Nitrogen Fertilizer Management Effects on Maize Grain Quality in the West African Moist Savanna
- S. O. Oikeh,
- J. G. Kling and
- A. E. Okoruwa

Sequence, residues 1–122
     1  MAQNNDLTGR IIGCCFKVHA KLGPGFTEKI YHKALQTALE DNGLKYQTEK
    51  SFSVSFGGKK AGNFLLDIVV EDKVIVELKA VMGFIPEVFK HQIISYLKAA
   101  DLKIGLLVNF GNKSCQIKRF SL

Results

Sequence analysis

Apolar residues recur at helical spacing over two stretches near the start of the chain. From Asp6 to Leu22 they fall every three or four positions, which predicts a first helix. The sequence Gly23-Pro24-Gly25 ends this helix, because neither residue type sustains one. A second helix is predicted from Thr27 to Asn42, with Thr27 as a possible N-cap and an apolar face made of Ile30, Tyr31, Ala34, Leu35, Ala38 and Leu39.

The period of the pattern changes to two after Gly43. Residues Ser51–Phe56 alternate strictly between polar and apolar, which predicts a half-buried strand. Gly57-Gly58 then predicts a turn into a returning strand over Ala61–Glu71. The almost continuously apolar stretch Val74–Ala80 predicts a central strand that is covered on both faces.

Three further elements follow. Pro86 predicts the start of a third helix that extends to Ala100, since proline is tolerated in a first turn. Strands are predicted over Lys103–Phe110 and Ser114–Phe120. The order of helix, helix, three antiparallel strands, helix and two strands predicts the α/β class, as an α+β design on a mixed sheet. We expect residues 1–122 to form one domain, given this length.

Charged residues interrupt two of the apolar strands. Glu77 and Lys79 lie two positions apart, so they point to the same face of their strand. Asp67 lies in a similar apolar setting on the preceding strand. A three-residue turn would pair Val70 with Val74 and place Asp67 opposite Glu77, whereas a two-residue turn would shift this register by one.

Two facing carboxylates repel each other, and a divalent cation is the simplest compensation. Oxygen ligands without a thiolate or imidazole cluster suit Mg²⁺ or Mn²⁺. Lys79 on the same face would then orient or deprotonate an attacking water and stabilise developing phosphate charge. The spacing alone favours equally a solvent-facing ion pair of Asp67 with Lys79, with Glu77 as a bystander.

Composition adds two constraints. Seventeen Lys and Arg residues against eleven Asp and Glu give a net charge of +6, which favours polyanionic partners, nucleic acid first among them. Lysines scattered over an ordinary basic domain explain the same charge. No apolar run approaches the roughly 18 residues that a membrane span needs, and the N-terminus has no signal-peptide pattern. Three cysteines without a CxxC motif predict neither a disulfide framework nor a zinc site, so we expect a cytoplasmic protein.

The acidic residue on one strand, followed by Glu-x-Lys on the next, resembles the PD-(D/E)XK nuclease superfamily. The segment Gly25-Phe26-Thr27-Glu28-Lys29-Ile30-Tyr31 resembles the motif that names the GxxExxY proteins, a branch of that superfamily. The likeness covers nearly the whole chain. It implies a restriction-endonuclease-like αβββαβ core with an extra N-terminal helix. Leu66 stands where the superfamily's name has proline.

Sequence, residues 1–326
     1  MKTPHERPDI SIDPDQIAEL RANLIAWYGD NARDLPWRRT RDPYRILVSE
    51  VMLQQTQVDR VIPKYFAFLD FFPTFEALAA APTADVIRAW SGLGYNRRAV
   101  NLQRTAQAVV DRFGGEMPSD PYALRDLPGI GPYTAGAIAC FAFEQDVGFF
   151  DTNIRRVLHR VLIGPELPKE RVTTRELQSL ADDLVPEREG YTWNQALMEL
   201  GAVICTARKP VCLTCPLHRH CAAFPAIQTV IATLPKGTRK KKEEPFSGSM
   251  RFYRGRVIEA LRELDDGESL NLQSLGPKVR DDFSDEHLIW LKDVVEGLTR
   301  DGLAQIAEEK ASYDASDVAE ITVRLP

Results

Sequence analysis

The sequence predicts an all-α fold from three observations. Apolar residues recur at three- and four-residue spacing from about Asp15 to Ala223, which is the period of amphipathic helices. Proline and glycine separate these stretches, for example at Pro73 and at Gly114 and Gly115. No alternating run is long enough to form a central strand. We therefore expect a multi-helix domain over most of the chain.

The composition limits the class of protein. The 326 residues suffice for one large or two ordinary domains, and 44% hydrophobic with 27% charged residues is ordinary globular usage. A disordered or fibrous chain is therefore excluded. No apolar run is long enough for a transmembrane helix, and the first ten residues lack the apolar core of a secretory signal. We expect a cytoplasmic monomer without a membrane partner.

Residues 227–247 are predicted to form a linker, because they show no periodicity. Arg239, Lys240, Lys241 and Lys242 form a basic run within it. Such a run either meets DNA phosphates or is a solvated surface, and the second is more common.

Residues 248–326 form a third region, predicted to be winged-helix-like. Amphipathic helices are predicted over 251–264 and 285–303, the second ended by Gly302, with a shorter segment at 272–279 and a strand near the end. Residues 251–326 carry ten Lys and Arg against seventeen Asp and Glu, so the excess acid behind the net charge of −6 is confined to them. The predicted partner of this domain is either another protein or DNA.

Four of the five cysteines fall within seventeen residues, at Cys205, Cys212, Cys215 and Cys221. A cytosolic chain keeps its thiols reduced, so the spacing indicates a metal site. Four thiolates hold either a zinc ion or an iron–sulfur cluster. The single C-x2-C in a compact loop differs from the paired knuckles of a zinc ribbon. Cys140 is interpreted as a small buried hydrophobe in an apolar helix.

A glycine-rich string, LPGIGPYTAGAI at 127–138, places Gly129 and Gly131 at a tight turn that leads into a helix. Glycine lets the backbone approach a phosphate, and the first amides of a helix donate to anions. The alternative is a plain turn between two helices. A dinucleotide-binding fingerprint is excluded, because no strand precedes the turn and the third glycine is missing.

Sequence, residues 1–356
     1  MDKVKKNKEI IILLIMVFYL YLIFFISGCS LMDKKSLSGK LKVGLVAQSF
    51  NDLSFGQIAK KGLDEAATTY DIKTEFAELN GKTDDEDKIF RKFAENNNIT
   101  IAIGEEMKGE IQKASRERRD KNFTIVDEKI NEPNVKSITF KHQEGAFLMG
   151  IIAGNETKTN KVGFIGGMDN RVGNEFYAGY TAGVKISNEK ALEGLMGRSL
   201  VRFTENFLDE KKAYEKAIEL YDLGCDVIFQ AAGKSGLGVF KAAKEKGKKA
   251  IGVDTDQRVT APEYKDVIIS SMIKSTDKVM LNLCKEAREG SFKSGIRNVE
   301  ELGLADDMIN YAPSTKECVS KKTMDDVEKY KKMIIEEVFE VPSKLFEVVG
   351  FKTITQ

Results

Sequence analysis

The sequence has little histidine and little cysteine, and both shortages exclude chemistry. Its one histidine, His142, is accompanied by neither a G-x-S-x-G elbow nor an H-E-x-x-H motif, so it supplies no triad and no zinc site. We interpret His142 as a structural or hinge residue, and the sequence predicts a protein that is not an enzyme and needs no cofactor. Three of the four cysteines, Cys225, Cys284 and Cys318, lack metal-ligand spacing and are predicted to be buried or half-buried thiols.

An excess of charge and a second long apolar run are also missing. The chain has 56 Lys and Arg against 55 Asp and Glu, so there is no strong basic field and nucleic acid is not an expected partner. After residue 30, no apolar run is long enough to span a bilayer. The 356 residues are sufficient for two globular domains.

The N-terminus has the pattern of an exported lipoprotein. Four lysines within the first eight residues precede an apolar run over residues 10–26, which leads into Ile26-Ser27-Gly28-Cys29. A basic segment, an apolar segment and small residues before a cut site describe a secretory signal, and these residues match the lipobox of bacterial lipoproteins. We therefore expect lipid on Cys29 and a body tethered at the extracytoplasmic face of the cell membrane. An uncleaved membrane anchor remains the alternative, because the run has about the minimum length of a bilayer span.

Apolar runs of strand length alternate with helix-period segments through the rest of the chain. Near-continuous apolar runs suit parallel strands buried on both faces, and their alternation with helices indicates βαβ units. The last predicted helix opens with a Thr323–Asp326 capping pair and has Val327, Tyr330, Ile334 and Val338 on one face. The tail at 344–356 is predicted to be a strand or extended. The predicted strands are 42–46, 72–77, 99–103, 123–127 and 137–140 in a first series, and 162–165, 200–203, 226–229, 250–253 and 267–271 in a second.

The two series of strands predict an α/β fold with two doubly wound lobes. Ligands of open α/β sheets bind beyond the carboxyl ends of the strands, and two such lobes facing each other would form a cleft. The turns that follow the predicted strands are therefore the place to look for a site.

Until recently, breeding programs in Africa placed little emphasis on grain quality improvement. Consequently, some farmers have not adopted improved high yielding varieties because they lacked desired quality characteristics for processing and other end uses. We conducted this study to determine the effects of N application on some maize (Zea mays L.) grain quality parameters. In 1993 and 1994, five maize cultivars under four N levels (0, 30, 60, and 120 kg ha−1) were evaluated at Zaria (11° 11′ N), northern Nigeria, on a Plinthustalf (fine-loamy isohyperthermic). Increasing N levels increased grain yield, kernel weight, and grain protein quadratically for all the cultivars. The hybrid 8644-27 had the highest grain yield and kernel weight of 5.3 Mg ha−1 and 26.62 mg kernel−1, respectively. Average grain protein yield per unit area was not significantly different among cultivars in both years. At 30 to 60 kg N ha−1, the cultivars 8644-27 and TZPB-SR had a greater percentage of floaters, than the other cultivars in both years, reflecting a greater proportion of floury endosperm, indicating that they would be best for traditional dry milling, where the whole grain is ground to produce flour. Also, at 30 to 60 kg N ha−1, SPL and TZB-SR had a relatively low percentage of floaters and high test weights of over 811 kg m−3 in 1993 and 778 kg m−3 in 1994, and should give high yields of grits when processed. Thus, both cultivars have high value for industrial dry milling. Results showed that the choice of cultivar and N level may affect grain quality and they should be considered in producing maize for dry milling purposes.Please view the pdf by using the Full Text (PDF) link under 'View' to the left.
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